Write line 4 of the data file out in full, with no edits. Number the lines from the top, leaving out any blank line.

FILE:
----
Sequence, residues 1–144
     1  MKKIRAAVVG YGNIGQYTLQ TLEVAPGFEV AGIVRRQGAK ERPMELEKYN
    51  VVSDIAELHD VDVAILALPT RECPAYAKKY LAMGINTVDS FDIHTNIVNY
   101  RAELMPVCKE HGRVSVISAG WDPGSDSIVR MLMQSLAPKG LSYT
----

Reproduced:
   101  RAELMPVCKE HGRVSVISAG WDPGSDSIVR MLMQSLAPKG LSYT